Airstream 684 International


   It’s a long time since I last had breakfast in an aluminium trailer in Cumbria. Twenty-five years or so ago on a cold November morning I bought a bacon sandwich and a polystyrene cup of luke-warm coffee as I made my way into the Grizedale Forest to watch the RAC Rally. A local farmer had set up a barbecue and an evidently unreliable boiler in the back of a livestock trailer; as the crowds of spectators passed he was doing a roaring trade.

     Fast forward to now and although the views of Grizedale and The Lake District are little-changed, my immediate surroundings, although still of the twin-axled trailer kind, certainly have. Breakfast today was prepared in the kitchen of an Airstream, the coffee - steaming hot and fresh I hasten to add - from a cafetierre. The chocolate croissants from the fridge were good too. The only evidence of any livestock in this particular trailer is the leather covering the seats situated under the front window, and the duck down used to stuff the duvet and pillows upon the bed in the suite at the rear. You could eat your bacon sandwich off the floor in this trailer.

     At 2.5 metres wide and over 8 ¼ metres long, the Airstream 684 International is the epitome of pure aluminium-clad Americana. Packing 4 berths, a three-burner gas hob, two tellies, an oven, climate control, a DVD and surround-sound system and, Praise the Lord, both a hot shower and proper loo, this icon of the open road, I’m relieved to report, certainly lives up to its reputation as the “Ultimate Travel Trailer”.  And, as someone who is more-often-than-not of the opinion that caravans are a blight on both the landscape and the open road (apologies if you’re  a Caravan Clubber, but I’ve been stuck behind you too many times), the truth is I wouldn’t have trekked to Windermere in the first place if it didn’t. Honestly, I’ve slept in lesser equipped and far less comfortable hotel rooms, but let’s not go there.

     It’s 85 years since the first Airstream, designed by Wally Byam, hit the highways of L.A and it’s over 50 since they were first imported into the UK. Today they’re built in Ohio and, thanks in part to their durability and construction, over 70% of all those constructed are still in use. They’ve become part of modern culture. OK, so they’re caravans, but they’re effortlessly cool. Google Marilyn Monroe, Steve McQueen or James Dean and it won’t be long before you find a picture of them standing in the doorway of an Airstream. You’ll never be able to say that about a Swift, a Sprite, an Adagio, or whatever other ironic name it is that adorns what is in effect a glorified British-built fibre-glass 2-berth porta-potty. The residual values of Airstreams are strong as a result of such iconography, not to mention the recyclability of their core materials – aluminium, wood and steel.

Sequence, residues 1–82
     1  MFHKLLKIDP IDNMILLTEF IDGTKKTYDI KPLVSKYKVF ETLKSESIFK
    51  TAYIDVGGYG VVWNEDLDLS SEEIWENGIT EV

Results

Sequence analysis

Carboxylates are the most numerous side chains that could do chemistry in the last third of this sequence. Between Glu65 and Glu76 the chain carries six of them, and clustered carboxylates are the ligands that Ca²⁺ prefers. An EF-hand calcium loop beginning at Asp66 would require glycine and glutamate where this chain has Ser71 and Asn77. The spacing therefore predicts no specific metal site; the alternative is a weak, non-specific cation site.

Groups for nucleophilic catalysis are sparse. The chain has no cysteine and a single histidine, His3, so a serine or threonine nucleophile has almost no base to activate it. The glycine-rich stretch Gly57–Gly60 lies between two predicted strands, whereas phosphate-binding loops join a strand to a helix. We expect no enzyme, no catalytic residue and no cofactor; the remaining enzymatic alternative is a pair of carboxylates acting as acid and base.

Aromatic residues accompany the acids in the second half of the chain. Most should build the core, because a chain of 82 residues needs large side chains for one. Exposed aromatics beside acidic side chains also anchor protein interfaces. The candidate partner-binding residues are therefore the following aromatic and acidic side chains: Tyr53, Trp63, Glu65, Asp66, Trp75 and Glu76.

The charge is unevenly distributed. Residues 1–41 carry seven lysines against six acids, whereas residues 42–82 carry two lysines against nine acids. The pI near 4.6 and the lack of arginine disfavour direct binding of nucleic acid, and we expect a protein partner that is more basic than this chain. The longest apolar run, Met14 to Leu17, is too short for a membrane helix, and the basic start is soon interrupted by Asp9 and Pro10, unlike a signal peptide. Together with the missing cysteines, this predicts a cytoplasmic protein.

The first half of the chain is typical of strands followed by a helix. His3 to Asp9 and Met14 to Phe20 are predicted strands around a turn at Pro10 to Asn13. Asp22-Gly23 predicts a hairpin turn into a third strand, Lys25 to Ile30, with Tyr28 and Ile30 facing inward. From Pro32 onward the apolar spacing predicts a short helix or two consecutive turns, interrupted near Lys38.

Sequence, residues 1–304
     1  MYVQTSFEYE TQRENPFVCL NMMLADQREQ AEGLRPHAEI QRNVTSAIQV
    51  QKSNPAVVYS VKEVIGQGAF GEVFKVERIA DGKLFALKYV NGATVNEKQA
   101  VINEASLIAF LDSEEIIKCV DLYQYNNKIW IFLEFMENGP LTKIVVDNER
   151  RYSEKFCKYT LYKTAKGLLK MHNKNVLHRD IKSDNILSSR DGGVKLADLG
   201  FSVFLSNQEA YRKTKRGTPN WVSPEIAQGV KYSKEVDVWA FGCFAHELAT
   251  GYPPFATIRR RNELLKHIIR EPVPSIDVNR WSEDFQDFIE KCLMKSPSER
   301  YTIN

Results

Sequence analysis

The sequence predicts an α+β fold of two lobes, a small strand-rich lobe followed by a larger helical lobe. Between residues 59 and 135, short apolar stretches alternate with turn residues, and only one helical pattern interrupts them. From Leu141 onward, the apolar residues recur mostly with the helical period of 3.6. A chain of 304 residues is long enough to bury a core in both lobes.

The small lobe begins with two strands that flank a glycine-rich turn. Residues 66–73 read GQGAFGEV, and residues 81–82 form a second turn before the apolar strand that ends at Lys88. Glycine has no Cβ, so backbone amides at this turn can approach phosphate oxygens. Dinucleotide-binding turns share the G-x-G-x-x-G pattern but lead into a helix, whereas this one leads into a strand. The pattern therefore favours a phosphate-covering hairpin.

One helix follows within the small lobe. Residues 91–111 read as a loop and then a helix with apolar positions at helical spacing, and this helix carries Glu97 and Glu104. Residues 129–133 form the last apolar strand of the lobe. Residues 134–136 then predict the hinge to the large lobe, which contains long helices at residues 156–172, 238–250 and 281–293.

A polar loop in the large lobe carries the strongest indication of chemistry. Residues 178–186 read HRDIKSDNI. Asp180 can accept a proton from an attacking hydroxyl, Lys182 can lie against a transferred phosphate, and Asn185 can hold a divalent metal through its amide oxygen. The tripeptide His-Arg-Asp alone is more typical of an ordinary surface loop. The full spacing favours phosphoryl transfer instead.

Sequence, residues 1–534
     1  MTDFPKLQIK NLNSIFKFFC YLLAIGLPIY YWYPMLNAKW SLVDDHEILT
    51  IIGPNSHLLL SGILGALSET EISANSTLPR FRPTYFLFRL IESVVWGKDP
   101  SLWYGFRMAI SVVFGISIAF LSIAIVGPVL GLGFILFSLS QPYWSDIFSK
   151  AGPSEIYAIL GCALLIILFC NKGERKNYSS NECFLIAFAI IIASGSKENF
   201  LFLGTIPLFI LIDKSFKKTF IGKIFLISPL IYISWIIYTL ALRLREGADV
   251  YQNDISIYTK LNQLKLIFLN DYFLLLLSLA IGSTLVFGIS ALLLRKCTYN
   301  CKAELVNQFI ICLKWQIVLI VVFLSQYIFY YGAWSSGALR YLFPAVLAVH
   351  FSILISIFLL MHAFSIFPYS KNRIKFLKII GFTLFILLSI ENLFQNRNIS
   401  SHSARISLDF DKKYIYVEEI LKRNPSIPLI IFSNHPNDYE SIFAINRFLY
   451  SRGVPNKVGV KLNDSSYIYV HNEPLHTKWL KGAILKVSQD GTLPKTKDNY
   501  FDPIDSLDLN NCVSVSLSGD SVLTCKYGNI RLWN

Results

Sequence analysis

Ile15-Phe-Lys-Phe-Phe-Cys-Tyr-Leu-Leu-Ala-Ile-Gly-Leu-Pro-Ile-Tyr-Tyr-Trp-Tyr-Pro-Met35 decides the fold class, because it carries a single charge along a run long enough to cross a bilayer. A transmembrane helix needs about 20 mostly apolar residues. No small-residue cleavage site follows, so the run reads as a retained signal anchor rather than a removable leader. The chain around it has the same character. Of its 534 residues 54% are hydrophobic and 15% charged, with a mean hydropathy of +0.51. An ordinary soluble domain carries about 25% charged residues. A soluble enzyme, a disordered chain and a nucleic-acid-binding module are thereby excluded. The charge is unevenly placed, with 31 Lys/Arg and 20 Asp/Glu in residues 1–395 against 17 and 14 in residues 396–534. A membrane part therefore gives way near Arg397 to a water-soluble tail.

You’ll need deep pockets if the 684 International takes your fancy though. You’ll need a pretty substantial tow car too. Weighing in at 2.1 tonnes un-laden and with a similarly hefty £65,690 price tag before options and import costs (my International 684 came in at over £85K and was towed to site by a Land Rover Discovery) buying an Airstream is something not to be taken lightly: It’s a serious investment. But, potentially, it could last you, your children and your children’s children a lifetime. Just think how cool it’ll look then.

    If all caravans were like this there’s a chance, maybe, that I could get used to this. Who knows? Next time I’m in Cumbria or wherever for that matter, I may able to finally say those immortal words: “If anybody wants me, I’ll be in my trailer”.  


Airstream 684 International 2.5m

Manufacturer: Airstream Inc, Ohio, USA

Berths: 4

RRP:  Ex works £65,690

Delivery Ohio, USA to UK: £4,800

On the road pack: £1,390

MIRO: 2099Kg

Payload: 400kg

MTPLM: 2680kg

Price: (as slept in): £83,125


Many thanks Peter Adams at Samuelson-Wylie Associates for the loan of the Airstream.

Many thanks also to everyone at Park Cliffe, Windermere.



Liam Bird Liam Bird

I'm Liam Bird, a freelance Motoring Writer based in the South Shropshire Marches. I currently write car reviews and road tests for a number of regional lifestyle magazines and newspapers which are distributed throughout Cheshire, Herefordshire, Shropshire, Staffordshire, Worcestershire, most of Wales and beyond.

As a member of the Welsh Group of Motoring Writers I'm as happy behind the wheel of a super-mini as I am in the latest super-car. I have press accreditation with most of the major motor manufacturers, meaning that as well as always being on the look out for further commissions, I always have a number of cars arriving each month ready to review.

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